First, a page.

Thomas lies face downward against the body of a dead soldier from his regiment. He is not hurt, but his little brother Joseph is shot and lies somewhere behind him in the meadow. If Thomas is going to get Joseph, he must do it quickly. The fighting will provide the only cover on that bright summer morning. The way it is going, it might soon be over. Once the fighting stops, there will be nothing to keep confederate soldiers from spotting his movements out there in the open.
Thomas abruptly turns his head to search for his brother. It is clear Union regiments are losing. Many from the 2nd Massachusetts are down. He notes the losses by the 27th Indiana and they shock him. His eyes tear up and a lump develops in his throat. A wave of hopelessness flows over him that he had not felt since the Battle of Cedar Mountain when Jackson was handing their butts to them. This morning’s order forced his regiment to attack the Confederates from the meadow now covered with bodies in blue uniforms. The 27th Indiana is receiving the worst of the assault from soldiers positioned behind a stone wall.
“If Joseph is alive, I’m going to shoot him,” says Thomas. It was Joseph who wanted to join the 2nd Massachusetts two years ago. Joseph joined for duty and honor. Thomas joined because he was not going to allow anyone to kill his little brother.
Thomas swallows his hopelessness and looks behind him for his brother. He has cover behind the body of a soldier who fell just after Joseph did. Thomas hears someone from the 27th yell, “Fire!” He takes a crouching stance and runs from body to body searching each face.
Thomas hears a ball fly by his ear with a whooshing sound. He dives for the ground, but he does not stop searching. He crawls across the field checking the faces of more soldiers than he believes could have marched between his brother and him. He believes he has gone in the wrong direction until he spots a pink handkerchief. Thomas tied a handkerchief he borrowed from their mother to the back of Joseph’s belt as a prank.
Thomas crawls to Joseph. Joseph lies face down, so Thomas fears the worst. He begins to call to him “Jo!” cries out Thomas. “Jo! Jo!”
Thomas arrives at Joseph’s body. He grabs the cross belt and rolls Joseph onto his back. Joseph’s face is distorted from pain. Thomas is relieved Joseph is alive. Joseph has both hands against his chest. There is a lot of blood behind them.
“Keep pressing down on that chest wound, Jo,” says Thomas.
“It’s just my hand,” says Joseph. “But it hurts like GRRR!”
“Can you move?” asks Thomas.
“Maybe,” says Joseph. “How’s my leg?” Thomas crawls down to take a look at Joseph’s leg. His light blue trousers are soaked in blood on the outside front of his thigh. There is more blood at the back of the same thigh. It looks to Thomas like the blood is from an exit wound.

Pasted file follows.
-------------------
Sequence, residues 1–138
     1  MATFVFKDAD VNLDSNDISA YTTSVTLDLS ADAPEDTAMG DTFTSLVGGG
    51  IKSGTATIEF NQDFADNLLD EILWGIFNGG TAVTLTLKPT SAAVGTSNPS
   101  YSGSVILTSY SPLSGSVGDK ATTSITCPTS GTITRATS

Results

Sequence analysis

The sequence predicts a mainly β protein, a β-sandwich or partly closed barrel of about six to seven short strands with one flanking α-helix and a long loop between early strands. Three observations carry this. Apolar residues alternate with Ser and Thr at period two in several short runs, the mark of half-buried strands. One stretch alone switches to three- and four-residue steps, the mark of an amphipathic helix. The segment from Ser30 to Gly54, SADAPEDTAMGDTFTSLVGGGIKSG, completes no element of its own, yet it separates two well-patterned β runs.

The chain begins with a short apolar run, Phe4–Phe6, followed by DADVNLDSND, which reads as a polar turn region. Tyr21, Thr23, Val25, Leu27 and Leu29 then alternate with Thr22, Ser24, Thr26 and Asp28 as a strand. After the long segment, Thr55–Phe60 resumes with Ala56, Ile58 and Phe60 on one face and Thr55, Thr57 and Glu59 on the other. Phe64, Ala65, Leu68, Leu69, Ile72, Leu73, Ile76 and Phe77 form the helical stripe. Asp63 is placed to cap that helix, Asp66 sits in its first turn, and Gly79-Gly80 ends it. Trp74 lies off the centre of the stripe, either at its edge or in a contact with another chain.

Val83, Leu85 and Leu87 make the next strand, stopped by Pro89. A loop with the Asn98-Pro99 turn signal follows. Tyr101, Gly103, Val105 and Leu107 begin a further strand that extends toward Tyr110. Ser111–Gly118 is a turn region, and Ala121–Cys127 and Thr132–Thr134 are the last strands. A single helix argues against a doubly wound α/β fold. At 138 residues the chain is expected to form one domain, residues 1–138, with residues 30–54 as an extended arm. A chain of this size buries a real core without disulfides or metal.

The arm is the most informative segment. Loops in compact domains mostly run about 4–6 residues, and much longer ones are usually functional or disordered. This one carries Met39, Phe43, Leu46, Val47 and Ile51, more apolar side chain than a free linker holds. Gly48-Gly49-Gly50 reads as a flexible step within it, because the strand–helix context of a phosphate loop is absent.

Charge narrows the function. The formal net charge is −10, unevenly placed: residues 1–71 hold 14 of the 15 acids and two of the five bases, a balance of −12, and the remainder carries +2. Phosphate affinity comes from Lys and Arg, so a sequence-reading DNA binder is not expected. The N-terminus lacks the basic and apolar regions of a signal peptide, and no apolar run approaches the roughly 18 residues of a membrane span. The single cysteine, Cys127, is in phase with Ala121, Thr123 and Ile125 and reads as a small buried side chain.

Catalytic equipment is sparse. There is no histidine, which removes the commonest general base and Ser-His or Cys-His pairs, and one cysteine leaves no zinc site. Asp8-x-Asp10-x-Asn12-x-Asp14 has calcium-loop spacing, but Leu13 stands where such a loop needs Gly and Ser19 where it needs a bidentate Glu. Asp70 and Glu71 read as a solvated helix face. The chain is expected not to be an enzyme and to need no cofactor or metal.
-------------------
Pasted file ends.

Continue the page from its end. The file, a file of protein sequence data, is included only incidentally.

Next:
“Unless you were shot twice, it doesn’t look too bad,” says Thomas.
“I was shot twice,” says Joseph. “I was shot in the leg once and fell. When I saw you hit the ground, I motioned to you with my hand. That’s when I got shot again. They shot my hand.”
“You idiot,” says Thomas. “You and I are going to run a three legged race to those rocks over there.”
“We can fight from here,” says Joseph.
“We’re done here,” says Thomas. “We were done before we started. Even the commander knew that. How are you going to shoot that musket with no hand? Are the Rebs just supposed to run over here and fall on your bayonet? I need to get you to those rocks and stop all that bleeding.”
“Alright,” says Joseph. “If it’ll get you to shut up.”
“How’d you manage to get shot in the right leg and right hand?” asks Thomas. “You’re going to have to put your right arm around me to hold yourself up. I’m going to have that disgusting hand dripping blood on my shoulder.”
“I’m just afraid I’m going to pick up an illness rubbing against your thigh,” says Joseph.
“Shut up,” says Thomas. “On three.”
“No,” says Joseph, “Ready. Go.”
“Fine,” says Thomas. “Ready. Go!” In one motion, Thomas pulls Joseph’s arm over his head and lifts him off the ground. Joseph growls with pain. Having run many three-legged races as children, they move quickly across the field despite the obstacles on the ground. Shots fly through the air by them with a whistling sound and they crouch. They reach the cover of a rock and Thomas pushes Joseph’s back against it. Thomas helps him lower himself and sit.
“Don’t get comfortable, boys!” yells another soldier. He fires his musket. “We’re getting flanked!”
“You hear that, Jo?” asks Thomas. “Can you make it back to the woods?”
“Guess we’ll find out,” says Joseph.
“Ready. Go?” asks Thomas. Joseph nods his head. “Ready. Go!” Thomas pulls Joseph’s arm over his head again and lifts him off the ground. Joseph exhales sharply. They run from the cover of one rock to another. The other soldiers continue firing, but they retreat. Thomas and Joseph run through the woods. The sound of muskets lessens. They only hear shots fired in the distance. Their footsteps and breathing make the loudest sound.
At camp, Thomas cleans and dresses Joseph’s wounds. Their mother’s pink handkerchief is wrapped around Joseph’s leg. Thomas looks over his little brother and leaves to wash himself.
Thomas pours water from his canteen over his hands to wash off Joseph’s blood. After he dries them, he examines them. They are trembling.
Thomas hears an order to fall in. He shakes his head. He runs to the spot where he left Joseph to pick up his gear.
“Because of you, I won’t have whiskey after this battle,” says Thomas.
“What?” asks Joseph. “We just came back.”
“You’d better hope I get shot, Jo,” says Thomas, “or I’m going to beat you when I get home.”
“Just raise your hand,” says Joseph, “and wave at the Rebs like an idiot.” Thomas reaches down and squeezes Joseph’s leg. Joseph yells from the pain. While Joseph’s eyes are closed, Thomas runs to join their regiment.
© 2017 EDUARDO SURÉ ALL RIGHTS RESERVED